A clear, well-ordered backlog leads to more focus, less time in refinement, and delivering the most important items first.  In this Lightning Cast, you’ll find out how to order your backlog.


A Lightning Cast is a shorter form episode modeled after lightning talks.  You’ll get valuable content in 8 minutes or less.


There are many reasons why having a healthy, ordered product backlog is important to teams.

  1. An ordered backlog gives the team clarity as to what the next most important thing to do is. This brings focus to the team and helps them to limit work in progress (WIP), which in turn helps accelerate delivery.
  2. By focusing on the most important items, if the team is unable to finish everything that they forecast they’ll be able to complete, they’ll complete the most important work first and any incomplete work will be less important.
  3. Ordering the backlog is helpful in helping you identify which backlog items the team needs to refine to a ready state. Items at the top of the backlog should be in a ready start while items further down can have decreasing levels of clarity.  Ordering the backlog helps keep refinement meetings short and focused.



Ordering the backlog is not a one-time event.  The team must review priorities regularly and update the backlog order.  The backlog should be re-ordered whenever we learn new information.  This includes:

  • For Scrum teams, after the Sprint Review / Demo when you receive stakeholder feedback
  • When the team identifies dependencies between backlog items
  • As items are added or removed from the backlog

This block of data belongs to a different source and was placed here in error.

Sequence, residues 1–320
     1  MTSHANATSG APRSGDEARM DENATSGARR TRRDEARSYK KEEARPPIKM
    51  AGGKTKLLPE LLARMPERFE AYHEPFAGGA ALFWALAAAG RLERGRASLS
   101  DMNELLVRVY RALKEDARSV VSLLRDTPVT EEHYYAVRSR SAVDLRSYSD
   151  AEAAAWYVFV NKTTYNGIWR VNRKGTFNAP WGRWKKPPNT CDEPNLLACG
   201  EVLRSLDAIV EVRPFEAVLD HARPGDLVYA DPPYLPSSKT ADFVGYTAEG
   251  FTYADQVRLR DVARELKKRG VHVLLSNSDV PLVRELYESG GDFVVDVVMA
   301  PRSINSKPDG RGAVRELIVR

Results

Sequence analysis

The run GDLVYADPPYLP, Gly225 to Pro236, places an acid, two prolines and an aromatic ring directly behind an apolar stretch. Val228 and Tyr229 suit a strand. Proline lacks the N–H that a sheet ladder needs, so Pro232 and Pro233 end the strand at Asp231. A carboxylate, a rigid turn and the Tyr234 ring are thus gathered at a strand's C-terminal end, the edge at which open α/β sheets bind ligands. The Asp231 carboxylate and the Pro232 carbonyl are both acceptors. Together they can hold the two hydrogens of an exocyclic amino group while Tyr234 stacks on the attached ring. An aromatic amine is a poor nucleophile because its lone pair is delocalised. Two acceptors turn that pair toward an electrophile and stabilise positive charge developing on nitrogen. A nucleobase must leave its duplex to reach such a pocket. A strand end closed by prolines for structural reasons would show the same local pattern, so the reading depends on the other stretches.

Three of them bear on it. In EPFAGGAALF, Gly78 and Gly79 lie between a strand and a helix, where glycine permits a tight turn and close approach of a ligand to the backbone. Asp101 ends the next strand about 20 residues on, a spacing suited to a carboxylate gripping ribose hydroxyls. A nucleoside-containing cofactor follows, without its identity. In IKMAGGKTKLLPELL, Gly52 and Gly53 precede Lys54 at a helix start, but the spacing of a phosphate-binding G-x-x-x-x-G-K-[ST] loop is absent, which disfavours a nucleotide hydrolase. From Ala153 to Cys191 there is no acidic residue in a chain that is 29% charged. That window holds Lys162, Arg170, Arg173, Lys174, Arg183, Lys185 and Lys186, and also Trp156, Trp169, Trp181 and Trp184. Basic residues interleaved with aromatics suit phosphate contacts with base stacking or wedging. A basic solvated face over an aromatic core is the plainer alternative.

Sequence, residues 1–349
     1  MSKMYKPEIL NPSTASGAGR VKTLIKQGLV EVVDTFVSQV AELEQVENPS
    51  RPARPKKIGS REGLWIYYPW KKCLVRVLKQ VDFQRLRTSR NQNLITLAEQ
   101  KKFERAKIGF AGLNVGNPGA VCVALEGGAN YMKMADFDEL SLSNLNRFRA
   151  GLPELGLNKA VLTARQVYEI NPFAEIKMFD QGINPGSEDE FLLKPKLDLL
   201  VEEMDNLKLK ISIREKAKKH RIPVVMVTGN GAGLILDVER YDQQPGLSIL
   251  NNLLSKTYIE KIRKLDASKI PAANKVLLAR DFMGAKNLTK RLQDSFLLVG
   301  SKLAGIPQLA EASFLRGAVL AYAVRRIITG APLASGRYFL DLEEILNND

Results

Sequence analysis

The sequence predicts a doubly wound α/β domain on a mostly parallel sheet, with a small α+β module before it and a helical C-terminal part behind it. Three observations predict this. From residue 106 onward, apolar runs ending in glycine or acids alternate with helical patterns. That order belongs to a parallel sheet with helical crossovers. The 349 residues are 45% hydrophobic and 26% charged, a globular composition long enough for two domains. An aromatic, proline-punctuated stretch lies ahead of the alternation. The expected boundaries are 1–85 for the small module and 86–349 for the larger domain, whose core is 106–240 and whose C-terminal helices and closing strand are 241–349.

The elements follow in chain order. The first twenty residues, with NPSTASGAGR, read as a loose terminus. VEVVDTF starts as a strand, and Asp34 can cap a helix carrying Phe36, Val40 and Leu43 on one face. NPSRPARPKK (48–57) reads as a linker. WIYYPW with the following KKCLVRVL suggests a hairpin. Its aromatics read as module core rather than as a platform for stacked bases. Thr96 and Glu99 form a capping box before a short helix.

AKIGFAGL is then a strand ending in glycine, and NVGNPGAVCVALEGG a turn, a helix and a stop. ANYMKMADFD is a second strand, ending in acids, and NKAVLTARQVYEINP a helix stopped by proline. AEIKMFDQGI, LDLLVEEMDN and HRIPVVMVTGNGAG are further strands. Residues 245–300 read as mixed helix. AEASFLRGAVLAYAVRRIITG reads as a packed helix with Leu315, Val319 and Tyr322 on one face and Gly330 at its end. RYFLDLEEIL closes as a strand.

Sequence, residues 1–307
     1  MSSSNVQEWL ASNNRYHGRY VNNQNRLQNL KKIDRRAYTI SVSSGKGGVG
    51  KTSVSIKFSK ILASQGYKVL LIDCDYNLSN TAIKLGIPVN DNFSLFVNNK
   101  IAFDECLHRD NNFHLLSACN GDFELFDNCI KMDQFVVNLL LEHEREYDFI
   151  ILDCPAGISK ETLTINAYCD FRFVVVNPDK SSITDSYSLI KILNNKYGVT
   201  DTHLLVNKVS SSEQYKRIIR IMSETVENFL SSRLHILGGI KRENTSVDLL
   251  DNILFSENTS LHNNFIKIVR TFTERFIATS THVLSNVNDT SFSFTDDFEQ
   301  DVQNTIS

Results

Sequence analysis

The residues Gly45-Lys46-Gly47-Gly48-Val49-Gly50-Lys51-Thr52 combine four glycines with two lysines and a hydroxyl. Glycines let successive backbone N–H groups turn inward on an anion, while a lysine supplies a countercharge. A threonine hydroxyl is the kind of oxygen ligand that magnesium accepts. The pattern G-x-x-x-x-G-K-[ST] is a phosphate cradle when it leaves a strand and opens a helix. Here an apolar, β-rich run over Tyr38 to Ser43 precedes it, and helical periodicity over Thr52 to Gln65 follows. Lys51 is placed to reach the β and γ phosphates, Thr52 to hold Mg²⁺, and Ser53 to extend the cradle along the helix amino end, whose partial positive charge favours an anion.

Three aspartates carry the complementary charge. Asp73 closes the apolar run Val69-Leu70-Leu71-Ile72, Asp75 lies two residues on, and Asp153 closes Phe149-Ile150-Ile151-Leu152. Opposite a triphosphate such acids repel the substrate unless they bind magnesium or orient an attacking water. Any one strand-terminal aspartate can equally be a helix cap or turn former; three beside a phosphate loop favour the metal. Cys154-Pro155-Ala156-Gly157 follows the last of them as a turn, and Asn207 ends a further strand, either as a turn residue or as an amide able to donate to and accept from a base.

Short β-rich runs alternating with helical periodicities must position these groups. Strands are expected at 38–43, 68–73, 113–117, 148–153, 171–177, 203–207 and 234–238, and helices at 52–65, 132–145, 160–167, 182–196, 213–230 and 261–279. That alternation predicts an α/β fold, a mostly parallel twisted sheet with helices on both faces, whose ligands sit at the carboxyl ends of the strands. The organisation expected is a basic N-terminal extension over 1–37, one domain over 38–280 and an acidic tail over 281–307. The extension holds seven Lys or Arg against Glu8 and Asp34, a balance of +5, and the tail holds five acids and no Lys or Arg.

• As time changes; priorities may change based on urgency and cost of delay

As organizational priorities change, the order of items in the backlog may change. This does not imply that one backlog item is more important than another item; it simply means that one item needs to be completed sooner than another item to meet program or organizational priorities.

It’s important to note that the backlog is not a To Do list.  The intention is not to complete all the backlog items in order.  Teams must continually seek feedback, learn, and adapt their approach and priorities, which the backlog should change frequently.

Once a team commits to an iteration (Sprint) plan, the priority of the committed backlog items should not change.



There are several ways to order the product backlog.

MoSCoW Prioritization: Gain initial clarity by considering how each backlog item contributes to the Minimum Viable Product (MVP) and then separate backlog items into one of four categories:

  • Must Have
  • Should Have
  • Could Have
  • Won’t Have (at this time, but would like in the future)


Value Based Prioritization: Consider the impact each backlog item will have on customers and the outcomes it will produce.  Items that contribute more value or create better outcomes should be done first.  When ordering by value, you should also consider:

  • dependencies between backlog items
  • size and cost of delay (prioritize smaller items with a higher cost of delay first)
  • risk (you may elect to attempt high risk items earlier so you can adapt if needed)
  • learning (if there is uncertainty, you may prioritize a few backlog items that allow for learning opportunities)